There was some awkwardness at the first Olympic medalist press conference for women’s skateboarding. Winners alternated between appearing bored, bashful, and uninterested.
One of them even hid her gum-chewing under her mask.
Their fingernails were painted in a rainbow of hues, and some even had emoji faces painted on them. When the grownups sounded exasperated, they responded with one-word answers, doubled down, and then nervously chuckled amongst themselves.
Winners fidgeted nervously with their medals, flowers, and the sports drink that had been strategically put on the podium. What this means is that they acted entirely like typical adolescents.
The two women that placed first and second in the Olympic debut of women’s skateboarding are a combined 26 years old. That’s eight years less in age than the person who came in fourth. Perhaps ten feet in height if they stood shoulder to shoulder.
The bronze medalist brings the total to 42, which is close to the average age of the U.S. equestrian jumping squad.
Osaka, Japan’s Momiji Nishiya won with a score of 15.26 Despite Botching her first two Tricks.
There are two 45-second runs and four tricks, and the lowest three scores are discarded. Only a few months younger than Nishiya, Brazilian Rayssa Leal placed second with a score of 14.64; had she won, she would have set a new record for the youngest woman to win an Olympic gold medal. Funa Nakayama, a Japanese teenager, won bronze at age 16.
Having made history as teenagers, they didn’t want to be treated like children.
For Nishiya, “age” is not a factor.
However, the elderly were more open to discussion, which helped put the situation in context. This concept of “older” is relative.
Keet Oldenbeuving, a 16-year-old Dutchman, remarked, “Thirteen years old, that’s crazy.” And the greatest ones, to boot! Our sport has a bright future ahead of it.
As much as the lack of spectators at Ariake Urban Sports Park lessened the event’s apparent importance, it also gave it a more celebratory vibe. Basically, like spending the day at a skatepark.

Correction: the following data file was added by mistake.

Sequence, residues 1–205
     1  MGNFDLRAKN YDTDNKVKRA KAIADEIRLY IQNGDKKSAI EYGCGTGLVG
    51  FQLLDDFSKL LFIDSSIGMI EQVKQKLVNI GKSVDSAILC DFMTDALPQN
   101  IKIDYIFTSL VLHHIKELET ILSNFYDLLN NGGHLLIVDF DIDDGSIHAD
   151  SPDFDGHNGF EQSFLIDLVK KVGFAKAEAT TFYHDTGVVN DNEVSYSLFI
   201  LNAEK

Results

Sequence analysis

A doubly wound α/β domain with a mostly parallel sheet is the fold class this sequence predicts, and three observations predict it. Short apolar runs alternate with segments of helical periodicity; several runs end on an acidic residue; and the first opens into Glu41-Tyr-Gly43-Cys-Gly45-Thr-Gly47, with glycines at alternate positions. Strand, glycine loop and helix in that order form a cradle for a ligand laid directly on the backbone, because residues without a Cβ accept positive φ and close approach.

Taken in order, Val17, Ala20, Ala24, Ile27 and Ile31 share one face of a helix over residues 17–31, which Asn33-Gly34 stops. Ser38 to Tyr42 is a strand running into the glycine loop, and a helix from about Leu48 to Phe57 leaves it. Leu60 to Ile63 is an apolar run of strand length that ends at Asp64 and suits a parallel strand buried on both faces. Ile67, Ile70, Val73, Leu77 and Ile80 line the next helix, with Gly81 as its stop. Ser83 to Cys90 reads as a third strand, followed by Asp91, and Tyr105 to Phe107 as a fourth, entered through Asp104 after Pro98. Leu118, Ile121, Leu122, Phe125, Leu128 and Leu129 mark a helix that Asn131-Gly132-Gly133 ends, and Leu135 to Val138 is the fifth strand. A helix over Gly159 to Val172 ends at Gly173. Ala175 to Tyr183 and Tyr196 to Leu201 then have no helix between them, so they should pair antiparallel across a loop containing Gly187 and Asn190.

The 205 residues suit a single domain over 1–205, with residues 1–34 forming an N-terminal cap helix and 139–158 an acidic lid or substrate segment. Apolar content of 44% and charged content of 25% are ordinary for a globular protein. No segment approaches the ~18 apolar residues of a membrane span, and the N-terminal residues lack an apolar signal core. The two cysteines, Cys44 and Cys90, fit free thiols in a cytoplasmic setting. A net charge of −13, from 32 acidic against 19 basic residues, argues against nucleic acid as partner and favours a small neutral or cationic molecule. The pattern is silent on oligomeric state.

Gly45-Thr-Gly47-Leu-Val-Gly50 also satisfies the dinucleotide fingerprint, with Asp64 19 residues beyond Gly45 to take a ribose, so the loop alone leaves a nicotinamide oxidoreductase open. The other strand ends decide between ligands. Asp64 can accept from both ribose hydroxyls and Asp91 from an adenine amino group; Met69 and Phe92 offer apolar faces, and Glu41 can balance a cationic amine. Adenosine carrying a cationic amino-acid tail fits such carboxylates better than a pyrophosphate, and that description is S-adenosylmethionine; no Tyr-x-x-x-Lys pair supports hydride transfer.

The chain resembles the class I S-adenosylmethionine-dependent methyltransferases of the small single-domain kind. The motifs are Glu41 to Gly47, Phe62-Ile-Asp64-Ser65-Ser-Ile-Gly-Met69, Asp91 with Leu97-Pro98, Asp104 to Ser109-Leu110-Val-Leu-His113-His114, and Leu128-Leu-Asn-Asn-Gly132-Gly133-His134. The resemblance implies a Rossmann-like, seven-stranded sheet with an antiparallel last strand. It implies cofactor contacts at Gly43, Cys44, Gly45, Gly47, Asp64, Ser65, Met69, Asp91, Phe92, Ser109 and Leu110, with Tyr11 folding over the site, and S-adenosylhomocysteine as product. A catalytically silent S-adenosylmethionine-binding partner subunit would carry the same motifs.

In between runs, the participants hung out on the course’s outskirts, kicking back in their boards and high-end footwear to cheer on their fellow competitors and exchange embarrassed smiles after falls.
Skaters’ grunts, whoops, and in-game banter could be heard live and on air. It was said that Filipino competitor Margielyn Didal asked her coach, “Are you crying?” after she completed her final trick in the preliminary round and received a high enough score to advance to the finals.
“No man, it’s just dusty in here,” was his Response.
The limited crowd looked notably animated by Leal, the lone Brazilian competitor, despite their standing as pre-competition favourites to potentially sweep the podium.
This is despite the fact that three Japanese skaters made it to the finals, which was praised by the local media. She sported braces and cargo trousers with her long hair hanging loose.
She makes up for her age disadvantage with a large number of Instagram followers. With over two million and three hundred thousand followers on the service, she undoubtedly ranks among the sport’s elite.
It’s symbolic of her place in Generation Z and her unique path to the sport. The video of Leal, then 7 years old, heel flipping off the stairs in a brilliant blue princess dress and a pair of wings was posted online by skateboarder Tony Hawk and quickly went global, garnering Leal the nickname “Little Fairy” and putting her on the route to the Olympics.
She is a Genius.
We can’t say enough good things about her. Seeing this in person is just mind-blowing. The same goes for Momiji. Alexis Sablone, the lone American rider in the finals, remarked of the judges, “They’re outstanding.” Despite having the best trick score of the day, Sablone still placed fourth.
For a very long period, much fewer women participated. Now that it has received sufficient media exposure, perhaps young women all across the world will be encouraged to take up skating. I’m telling you, you can find a Rayssa—a freak of nature, a truly unique person. Seeing this in person is just mind-blowing.
I can guarantee that by the time the Olympics roll around in Paris in 2024, I won’t trust my eyes. I can’t wait to watch it from the stands.
The Olympic Competition in Skateboarding will be only the Second time the Sport has been Included.
Since it was announced in 2016 that the counterculture lifestyle will be presenting alongside more mainstream sports in Tokyo, the inclusion has been a source of ambivalence among the skateboarding community.
The next generation of great skateboarders are seizing the opportunity to compete on this stage and using it as an opportunity to preach, as seen by the fact that the whole podium is comprised of teenagers.
When asked how it will feel to see her classmates again after returning from the Olympics, Leal said that she hoped to throw a great party.
Furthermore, “I can now persuade my entire social circle to skateboard everywhere with me.”